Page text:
Checking For Damp In Floors

Solid floors

Solid floors, whether of concrete, tile or brick are often damp and may also sink and create an irregular surface. These may crack or disintegrate, especially at the edges. Correcting these defects may not be easy, because the basic problem may be that the floor was originally put down over too shallow and too wet a foundation. There will probably be no proper damp-proof course.

To find out whether a solid floor is damp use the following simple test.

Make a ring of putty or modelling clay roughly 3 ins, in diameter. Press the ring to the floor. Over this ring place a small piece of clean, dry glass. Press the glass firmly down onto the putty and it will form an airtight seal. Leave this glass and putty in position for 24 hours. If the floor is damp water that has risen through will be found condensed on the underside of the glass.

If on the other hand no condensation is found under the glass then the floor can be taken to be dry at that point. This test should be repeated on a number of points over the floor to make sure that any damp is not localised.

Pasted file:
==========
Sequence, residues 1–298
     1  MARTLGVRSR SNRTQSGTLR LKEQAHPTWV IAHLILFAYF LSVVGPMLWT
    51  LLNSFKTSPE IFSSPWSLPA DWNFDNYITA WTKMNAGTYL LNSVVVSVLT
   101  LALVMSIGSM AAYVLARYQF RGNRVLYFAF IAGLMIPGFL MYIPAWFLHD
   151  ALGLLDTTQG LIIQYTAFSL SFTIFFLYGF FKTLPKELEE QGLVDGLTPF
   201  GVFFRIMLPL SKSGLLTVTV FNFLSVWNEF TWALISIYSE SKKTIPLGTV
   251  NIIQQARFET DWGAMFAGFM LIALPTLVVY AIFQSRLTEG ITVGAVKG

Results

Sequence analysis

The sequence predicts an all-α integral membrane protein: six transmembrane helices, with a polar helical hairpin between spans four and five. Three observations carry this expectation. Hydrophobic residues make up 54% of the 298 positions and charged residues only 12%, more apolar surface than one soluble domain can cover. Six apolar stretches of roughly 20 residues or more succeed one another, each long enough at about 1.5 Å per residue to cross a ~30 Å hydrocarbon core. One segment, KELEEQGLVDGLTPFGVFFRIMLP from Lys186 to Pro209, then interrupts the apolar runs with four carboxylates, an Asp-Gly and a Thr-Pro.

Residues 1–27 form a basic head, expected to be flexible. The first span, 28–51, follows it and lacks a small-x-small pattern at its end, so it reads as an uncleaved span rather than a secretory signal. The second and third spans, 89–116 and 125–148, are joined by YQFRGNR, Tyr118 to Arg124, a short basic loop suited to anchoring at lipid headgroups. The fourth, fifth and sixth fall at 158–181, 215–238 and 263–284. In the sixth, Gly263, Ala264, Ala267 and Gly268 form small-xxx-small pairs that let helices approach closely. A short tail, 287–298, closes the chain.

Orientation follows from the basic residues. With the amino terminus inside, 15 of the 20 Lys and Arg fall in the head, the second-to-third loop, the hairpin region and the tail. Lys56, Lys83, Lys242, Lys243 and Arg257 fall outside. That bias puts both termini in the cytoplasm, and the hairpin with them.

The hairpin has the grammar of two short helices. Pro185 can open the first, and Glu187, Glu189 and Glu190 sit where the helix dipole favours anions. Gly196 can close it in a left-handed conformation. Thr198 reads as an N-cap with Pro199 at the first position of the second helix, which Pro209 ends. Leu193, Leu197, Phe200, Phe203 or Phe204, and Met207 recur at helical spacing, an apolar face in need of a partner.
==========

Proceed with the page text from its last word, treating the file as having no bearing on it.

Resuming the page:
If your floor does show signs of damp damage, then you have two main alternatives. Firstly you may cover the floor as it is with a damp-proof coating, at the same time filling up any obvious depressions. This will give a satisfactory job provided the work is very carefully done and that the damp is not too severe.- Secondly, especially where sinkage is a real problem you will probably have to take up the entire floor and replace it with new concrete, including a damp-proof course.

Taking the simplest method first, provided the surface is relatively flat, you can use an ordinary bitumen paint. Two or three coats of this are particularly good over concrete which is showing only slight signs of damp. Before starting, fill any holes or depressions with cement made from 1 part of cement to 3 parts of sand. Do not make this too wet, and smooth it very carefully into place. Pay particular attention to the extreme edges of the floor and to entrances. Painting a floor, though, will certainly not serve where the depressions are deep and also where the surface is not of concrete but of bricks or tile. For these the best surfacing is given by a special waterproof screeding such as one made by Dunlop which we show in the pictures. This is simply mixed from a powder and a liquid, spread over the surface and allowed to dry. There is a certain amount of practise needed in getting an even, thin coating but to some extent the liquid is self-levelling and we can recommend it for use on floors with minor damp.